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Ginger-Orange Stars

Ginger-Orange Stars

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Makes about 3 1/2 dozen Servings



  • 1 1/2 cups all purpose flour
  • 2 teaspoons ground ginger
  • 1 teaspoon ground cinnamon
  • 1/4 teaspoon ground cloves
  • 1/4 teaspoon ground nutmeg
  • 1/2 cup (1 stick) unsalted butter, room temperature
  • 1/2 cup (packed) golden brown sugar
  • 1/4 cup robust-flavored (dark) molasses
  • 1 tablespoon grated orange peel
  • 1/2 teaspoon vanilla extract


  • 1 1/2 cups (or more) powdered sugar
  • 1/2 teaspoon vanilla extract

Recipe Preparation


  • Sift first 7 ingredients into medium bowl. Using electric mixer, beat butter in large bowl until fluffy. Add sugar and beat until well blended. Beat in molasses, egg yolk, orange peel, and vanilla. Add flour mixture and beat just until blended. Gather dough into ball. Divide into 4 pieces. Flatten each into disk. Wrap each in plastic and chill until cold and firm, at least 4 hours.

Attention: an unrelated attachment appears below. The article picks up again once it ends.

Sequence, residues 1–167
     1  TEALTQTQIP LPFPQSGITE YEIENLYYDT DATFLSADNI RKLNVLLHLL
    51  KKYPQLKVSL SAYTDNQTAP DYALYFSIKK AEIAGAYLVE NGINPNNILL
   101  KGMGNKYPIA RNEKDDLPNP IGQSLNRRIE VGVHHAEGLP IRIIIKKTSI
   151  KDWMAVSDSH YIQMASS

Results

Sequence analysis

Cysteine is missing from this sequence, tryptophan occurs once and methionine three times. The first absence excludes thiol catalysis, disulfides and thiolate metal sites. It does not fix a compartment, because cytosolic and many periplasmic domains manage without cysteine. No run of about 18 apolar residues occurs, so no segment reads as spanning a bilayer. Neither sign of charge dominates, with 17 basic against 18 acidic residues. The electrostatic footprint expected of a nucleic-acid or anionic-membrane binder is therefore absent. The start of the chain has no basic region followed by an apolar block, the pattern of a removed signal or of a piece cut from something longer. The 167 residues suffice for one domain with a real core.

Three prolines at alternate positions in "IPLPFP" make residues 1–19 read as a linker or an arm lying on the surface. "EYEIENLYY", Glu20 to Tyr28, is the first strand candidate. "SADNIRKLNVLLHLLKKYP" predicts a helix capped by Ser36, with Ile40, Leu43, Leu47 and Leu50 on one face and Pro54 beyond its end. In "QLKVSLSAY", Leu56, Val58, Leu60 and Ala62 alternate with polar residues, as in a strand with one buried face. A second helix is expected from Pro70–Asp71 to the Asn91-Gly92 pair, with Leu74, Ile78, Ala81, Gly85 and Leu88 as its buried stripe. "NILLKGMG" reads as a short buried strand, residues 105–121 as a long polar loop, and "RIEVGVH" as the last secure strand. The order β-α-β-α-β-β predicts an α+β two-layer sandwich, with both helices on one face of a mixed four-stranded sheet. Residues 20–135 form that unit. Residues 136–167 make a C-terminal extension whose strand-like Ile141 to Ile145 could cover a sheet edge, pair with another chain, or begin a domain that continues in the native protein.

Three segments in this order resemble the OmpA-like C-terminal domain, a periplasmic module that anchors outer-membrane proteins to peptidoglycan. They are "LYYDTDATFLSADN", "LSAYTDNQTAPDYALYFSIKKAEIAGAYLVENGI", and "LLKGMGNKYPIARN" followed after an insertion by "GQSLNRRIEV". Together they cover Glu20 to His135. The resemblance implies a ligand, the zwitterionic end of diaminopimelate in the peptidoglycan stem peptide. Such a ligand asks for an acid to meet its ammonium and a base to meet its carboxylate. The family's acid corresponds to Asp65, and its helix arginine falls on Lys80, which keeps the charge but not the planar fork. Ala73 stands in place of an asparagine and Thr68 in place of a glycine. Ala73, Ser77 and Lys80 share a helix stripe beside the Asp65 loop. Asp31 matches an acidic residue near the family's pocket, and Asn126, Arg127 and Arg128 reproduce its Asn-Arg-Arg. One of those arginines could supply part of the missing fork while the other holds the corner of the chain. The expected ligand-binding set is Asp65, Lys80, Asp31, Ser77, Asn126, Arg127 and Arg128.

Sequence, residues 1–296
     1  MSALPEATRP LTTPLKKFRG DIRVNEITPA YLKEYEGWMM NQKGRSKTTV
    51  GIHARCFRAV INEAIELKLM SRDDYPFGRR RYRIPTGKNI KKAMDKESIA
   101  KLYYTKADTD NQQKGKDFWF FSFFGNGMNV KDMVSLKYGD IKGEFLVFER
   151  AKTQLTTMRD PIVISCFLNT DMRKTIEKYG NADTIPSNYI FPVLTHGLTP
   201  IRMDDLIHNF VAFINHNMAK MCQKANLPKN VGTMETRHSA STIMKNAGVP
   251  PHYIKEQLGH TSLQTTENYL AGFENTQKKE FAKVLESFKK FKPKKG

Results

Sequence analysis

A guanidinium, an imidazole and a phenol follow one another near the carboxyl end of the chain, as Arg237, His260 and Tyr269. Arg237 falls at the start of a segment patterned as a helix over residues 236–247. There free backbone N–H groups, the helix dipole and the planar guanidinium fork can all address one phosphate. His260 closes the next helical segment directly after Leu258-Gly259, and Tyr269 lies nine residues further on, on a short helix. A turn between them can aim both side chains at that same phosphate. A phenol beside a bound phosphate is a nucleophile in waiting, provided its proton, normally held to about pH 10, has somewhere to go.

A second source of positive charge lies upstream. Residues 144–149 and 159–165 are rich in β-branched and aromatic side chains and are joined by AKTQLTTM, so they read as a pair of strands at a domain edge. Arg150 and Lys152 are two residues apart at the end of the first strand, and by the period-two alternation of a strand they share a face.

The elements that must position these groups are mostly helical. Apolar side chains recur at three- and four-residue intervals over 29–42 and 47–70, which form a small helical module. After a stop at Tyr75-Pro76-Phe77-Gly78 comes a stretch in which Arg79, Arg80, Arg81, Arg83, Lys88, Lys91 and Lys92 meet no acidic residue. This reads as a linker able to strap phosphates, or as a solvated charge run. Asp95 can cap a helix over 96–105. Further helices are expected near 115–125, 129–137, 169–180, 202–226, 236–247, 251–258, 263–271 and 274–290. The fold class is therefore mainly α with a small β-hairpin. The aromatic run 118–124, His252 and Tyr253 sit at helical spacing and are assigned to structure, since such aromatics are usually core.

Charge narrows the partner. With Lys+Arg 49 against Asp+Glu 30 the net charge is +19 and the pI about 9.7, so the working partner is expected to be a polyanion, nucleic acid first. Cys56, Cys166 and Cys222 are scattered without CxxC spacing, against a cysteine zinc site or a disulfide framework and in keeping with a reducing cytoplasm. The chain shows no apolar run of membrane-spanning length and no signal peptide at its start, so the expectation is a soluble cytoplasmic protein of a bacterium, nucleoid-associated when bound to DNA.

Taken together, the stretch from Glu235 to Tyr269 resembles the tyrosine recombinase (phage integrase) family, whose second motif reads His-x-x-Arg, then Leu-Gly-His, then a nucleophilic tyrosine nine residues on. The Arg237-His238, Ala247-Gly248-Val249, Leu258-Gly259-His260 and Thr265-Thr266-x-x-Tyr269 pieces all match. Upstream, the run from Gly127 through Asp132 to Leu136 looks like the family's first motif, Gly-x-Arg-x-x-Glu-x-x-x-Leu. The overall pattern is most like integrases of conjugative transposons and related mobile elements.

• Position racks in top third and bottom third of oven and preheat to 350°F. Line 2 baking sheets with parchment paper. Roll out 1 piece of dough on lightly floured surface to 1/4-inch thickness. Using 2 1/2- to 3-inch star-shaped cutter, cut out cookies. Transfer cookies to prepared sheets, spacing 1/2 inch apart (cookies spread very little). Gather scraps and reroll dough, cutting out more cookies. Bake cookies 5 minutes. Reverse baking sheets; bake until cookies are puffed and look slightly darker around edges, about 5 minutes longer. Cool cookies on sheets 2 minutes. Using thin metal spatula, transfer cookies to racks; cool. Repeat with remaining dough pieces.


  • Sift 1 1/2 cups sugar into medium bowl. Add 5 teaspoons water and vanilla; whisk until smooth. Whisk in more sugar by tablespoonfuls, if necessary, until icing falls thickly off whisk. Spoon icing into pastry bag fitted with 1/16-inch plain round tip or resealable plastic bag (cut tip off bag). Pipe icing onto cookies. Let stand until icing is hard, at least 3 hours. DO AHEAD Can be made 2 days ahead. Store airtight between sheets of waxed paper.

Reviews Section

  • 2 oranges
  • 2 teaspoons canola oil
  • 2 cloves garlic, minced
  • 2 tablespoons minced fresh ginger
  • 1 cup bulgur, rinsed (see Ingredient note)
  • 2 teaspoons brown sugar
  • ¼ teaspoon salt, or to taste
  • ⅓ cup slivered almonds
  • ⅔ cup chopped scallions
  • 1 tablespoon reduced-sodium soy sauce

Zest 1 orange reserve the zest. Juice both oranges. If necessary, add enough water to the juice to measure 1 1/2 cups total.